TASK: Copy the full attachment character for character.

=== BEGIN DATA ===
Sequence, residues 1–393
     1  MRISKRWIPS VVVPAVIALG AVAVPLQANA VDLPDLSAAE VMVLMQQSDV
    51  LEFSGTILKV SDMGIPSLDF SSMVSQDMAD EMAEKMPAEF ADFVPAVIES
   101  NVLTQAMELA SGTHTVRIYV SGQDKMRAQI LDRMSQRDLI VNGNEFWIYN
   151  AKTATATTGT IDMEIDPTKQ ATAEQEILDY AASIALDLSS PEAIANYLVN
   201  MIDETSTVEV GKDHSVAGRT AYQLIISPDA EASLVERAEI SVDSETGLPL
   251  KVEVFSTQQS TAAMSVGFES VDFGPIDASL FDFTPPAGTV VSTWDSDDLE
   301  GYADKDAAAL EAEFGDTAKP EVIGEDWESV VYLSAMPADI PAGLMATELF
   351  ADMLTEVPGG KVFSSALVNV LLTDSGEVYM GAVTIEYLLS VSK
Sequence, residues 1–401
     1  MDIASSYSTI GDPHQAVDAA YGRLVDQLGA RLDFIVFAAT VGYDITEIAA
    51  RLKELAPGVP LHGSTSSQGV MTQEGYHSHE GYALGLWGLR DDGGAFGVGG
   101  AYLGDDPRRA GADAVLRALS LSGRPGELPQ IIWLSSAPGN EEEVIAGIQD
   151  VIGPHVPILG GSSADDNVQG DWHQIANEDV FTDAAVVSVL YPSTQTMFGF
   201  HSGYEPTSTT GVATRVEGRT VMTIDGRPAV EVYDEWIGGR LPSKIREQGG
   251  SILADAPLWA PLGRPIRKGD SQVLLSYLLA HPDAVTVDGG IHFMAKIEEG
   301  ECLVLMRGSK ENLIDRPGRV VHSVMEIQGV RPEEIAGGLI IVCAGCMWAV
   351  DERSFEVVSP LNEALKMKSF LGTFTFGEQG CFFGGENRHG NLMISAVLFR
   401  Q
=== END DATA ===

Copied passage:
Sequence, residues 1–393
     1  MRISKRWIPS VVVPAVIALG AVAVPLQANA VDLPDLSAAE VMVLMQQSDV
    51  LEFSGTILKV SDMGIPSLDF SSMVSQDMAD EMAEKMPAEF ADFVPAVIES
   101  NVLTQAMELA SGTHTVRIYV SGQDKMRAQI LDRMSQRDLI VNGNEFWIYN
   151  AKTATATTGT IDMEIDPTKQ ATAEQEILDY AASIALDLSS PEAIANYLVN
   201  MIDETSTVEV GKDHSVAGRT AYQLIISPDA EASLVERAEI SVDSETGLPL
   251  KVEVFSTQQS TAAMSVGFES VDFGPIDASL FDFTPPAGTV VSTWDSDDLE
   301  GYADKDAAAL EAEFGDTAKP EVIGEDWESV VYLSAMPADI PAGLMATELF
   351  ADMLTEVPGG KVFSSALVNV LLTDSGEVYM GAVTIEYLLS VSK
Sequence, residues 1–401
     1  MDIASSYSTI GDPHQAVDAA YGRLVDQLGA RLDFIVFAAT VGYDITEIAA
    51  RLKELAPGVP LHGSTSSQGV MTQEGYHSHE GYALGLWGLR DDGGAFGVGG
   101  AYLGDDPRRA GADAVLRALS LSGRPGELPQ IIWLSSAPGN EEEVIAGIQD
   151  VIGPHVPILG GSSADDNVQG DWHQIANEDV FTDAAVVSVL YPSTQTMFGF
   201  HSGYEPTSTT GVATRVEGRT VMTIDGRPAV EVYDEWIGGR LPSKIREQGG
   251  SILADAPLWA PLGRPIRKGD SQVLLSYLLA HPDAVTVDGG IHFMAKIEEG
   301  ECLVLMRGSK ENLIDRPGRV VHSVMEIQGV RPEEIAGGLI IVCAGCMWAV
   351  DERSFEVVSP LNEALKMKSF LGTFTFGEQG CFFGGENRHG NLMISAVLFR
   401  Q